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NI protocol 'already disrupting medicine supply'

Health & NHS

NI protocol 'already disrupting medicine supply'

Some medicines are already becoming unavailable in Northern Ireland due to the increased regulatory burden on manufacturers since January 1, an industry spokesperson has said. 

Mark Samuels, who recently took over as chief executive of the British Generic Manufacturers Association (BGMA), said that since the Northern Ireland Protocol came into effect manufacturers are “seeing major challenges to supplying medicines to Northern Ireland patients”.

The terms of the protocol mean that EU medicines regulations apply in Northern Ireland, which Mr Samuels said “threatens to prevent companies from supplying an identical product to Great Britain and Northern Ireland”.

The supply chain is already feeling the impact of the protocol, said Mr Samuels: “We are already seeing some medicines become unavailable and are also aware of companies not planning to launch future medicines due to being caught between two regulatory systems.

“Without a solution immediately, some manufacturers report that up to 90 per cent of medicines could be at risk of being withdrawn.”


Drug firms may need to build extra warehousing and hire more staff to ensure medicines comply with both UK and EU regulations, Mr Samuels said, adding that “this duplication could make supplying Northern Ireland in many cases unviable in the longer term”.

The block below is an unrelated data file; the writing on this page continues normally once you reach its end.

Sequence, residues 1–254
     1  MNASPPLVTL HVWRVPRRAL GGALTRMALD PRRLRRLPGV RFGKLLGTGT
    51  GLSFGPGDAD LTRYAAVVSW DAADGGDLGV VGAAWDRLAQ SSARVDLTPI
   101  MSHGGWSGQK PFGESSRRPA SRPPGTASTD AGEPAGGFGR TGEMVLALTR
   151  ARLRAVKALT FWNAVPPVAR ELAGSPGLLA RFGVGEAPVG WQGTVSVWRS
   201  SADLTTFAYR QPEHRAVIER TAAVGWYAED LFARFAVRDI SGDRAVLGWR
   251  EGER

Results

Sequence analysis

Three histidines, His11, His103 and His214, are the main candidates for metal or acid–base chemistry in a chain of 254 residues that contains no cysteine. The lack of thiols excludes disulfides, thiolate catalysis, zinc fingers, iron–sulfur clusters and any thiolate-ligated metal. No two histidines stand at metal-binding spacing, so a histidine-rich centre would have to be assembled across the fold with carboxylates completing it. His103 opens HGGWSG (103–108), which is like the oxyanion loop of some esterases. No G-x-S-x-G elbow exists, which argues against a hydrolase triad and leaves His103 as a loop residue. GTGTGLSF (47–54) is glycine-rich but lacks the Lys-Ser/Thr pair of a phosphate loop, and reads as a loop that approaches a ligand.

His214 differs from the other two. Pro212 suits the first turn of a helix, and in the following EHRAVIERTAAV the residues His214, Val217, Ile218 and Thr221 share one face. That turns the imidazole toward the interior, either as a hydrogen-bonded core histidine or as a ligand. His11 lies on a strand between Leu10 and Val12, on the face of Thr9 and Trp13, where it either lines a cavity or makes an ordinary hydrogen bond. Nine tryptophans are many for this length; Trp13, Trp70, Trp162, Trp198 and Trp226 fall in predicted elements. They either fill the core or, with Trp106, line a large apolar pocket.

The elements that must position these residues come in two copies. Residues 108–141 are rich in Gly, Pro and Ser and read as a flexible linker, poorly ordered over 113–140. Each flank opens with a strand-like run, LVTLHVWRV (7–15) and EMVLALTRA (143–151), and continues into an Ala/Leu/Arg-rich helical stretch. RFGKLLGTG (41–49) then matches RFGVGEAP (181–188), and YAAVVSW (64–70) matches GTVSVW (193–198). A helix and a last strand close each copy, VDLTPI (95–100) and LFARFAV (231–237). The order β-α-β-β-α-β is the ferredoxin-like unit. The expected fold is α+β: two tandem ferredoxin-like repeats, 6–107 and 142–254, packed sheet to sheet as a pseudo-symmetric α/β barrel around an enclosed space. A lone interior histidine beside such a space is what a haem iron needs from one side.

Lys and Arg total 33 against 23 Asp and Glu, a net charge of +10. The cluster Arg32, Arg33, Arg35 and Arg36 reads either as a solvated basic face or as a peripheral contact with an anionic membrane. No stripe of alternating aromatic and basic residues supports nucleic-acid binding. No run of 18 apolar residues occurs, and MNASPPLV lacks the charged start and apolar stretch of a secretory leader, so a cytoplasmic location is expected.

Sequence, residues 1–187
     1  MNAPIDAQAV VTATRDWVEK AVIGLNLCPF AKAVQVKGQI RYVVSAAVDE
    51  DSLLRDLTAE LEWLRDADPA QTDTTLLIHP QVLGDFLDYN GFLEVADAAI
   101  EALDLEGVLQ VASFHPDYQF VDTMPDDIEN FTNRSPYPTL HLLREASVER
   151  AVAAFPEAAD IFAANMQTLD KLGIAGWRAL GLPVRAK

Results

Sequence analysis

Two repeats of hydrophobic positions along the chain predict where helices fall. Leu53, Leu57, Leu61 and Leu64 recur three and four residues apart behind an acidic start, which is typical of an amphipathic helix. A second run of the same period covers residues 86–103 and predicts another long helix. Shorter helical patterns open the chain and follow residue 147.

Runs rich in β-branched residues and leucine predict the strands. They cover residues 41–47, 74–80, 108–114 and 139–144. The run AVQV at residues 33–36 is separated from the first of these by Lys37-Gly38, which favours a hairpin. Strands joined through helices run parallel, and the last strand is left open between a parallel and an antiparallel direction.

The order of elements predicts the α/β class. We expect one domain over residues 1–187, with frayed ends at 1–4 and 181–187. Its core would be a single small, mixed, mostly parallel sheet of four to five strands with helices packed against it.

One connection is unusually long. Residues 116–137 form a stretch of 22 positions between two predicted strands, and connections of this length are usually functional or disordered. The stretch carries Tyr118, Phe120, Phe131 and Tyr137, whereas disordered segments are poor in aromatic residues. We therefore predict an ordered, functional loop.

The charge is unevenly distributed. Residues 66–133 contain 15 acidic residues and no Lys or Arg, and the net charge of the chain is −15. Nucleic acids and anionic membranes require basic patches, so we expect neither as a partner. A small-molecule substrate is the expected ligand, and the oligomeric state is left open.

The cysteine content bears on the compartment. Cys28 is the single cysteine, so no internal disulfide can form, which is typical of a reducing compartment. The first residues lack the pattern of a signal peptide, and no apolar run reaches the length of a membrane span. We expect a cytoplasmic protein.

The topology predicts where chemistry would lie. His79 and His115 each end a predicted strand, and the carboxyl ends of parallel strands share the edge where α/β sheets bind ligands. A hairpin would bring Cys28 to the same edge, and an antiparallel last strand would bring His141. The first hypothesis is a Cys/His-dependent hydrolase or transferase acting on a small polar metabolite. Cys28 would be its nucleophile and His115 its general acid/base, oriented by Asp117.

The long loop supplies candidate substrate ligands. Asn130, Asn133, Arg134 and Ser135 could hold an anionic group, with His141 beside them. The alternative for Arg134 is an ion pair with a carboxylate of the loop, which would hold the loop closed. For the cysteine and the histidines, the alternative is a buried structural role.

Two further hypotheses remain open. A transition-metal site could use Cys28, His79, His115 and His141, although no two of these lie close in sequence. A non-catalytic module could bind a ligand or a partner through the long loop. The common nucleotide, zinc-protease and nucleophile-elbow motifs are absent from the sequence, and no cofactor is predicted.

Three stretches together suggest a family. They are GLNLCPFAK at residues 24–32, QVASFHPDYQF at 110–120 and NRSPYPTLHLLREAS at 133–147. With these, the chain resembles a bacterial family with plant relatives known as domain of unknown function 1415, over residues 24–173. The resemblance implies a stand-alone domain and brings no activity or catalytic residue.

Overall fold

An extended grace period means that until January 1 2022 medicines supplied from Great Britain to Northern Ireland without the need for additional regulatory importation controls. However, after this date controls including batch testing and certification will need to be carried out in Northern Ireland or an EEA state. 

Mr Samuels said: “Due to the Protocol’s interpretation, the situation has forced our members to review the viability of their ongoing medicines portfolios for Northern Ireland. 

“Northern Ireland risks becoming a small, self-contained market, similar to Malta or Cyprus, that cannot access the wide range of medicines provided in the rest of the United Kingdom.” 

He said solutions are “complex” but achievable, “especially if medicines licensed for use in Great Britain were also legal in Northern Ireland without the separate regulatory requirements”.

He urged the European Commission and UK Government to come together to prevent severe disruption to Northern Ireland’s supply chain.

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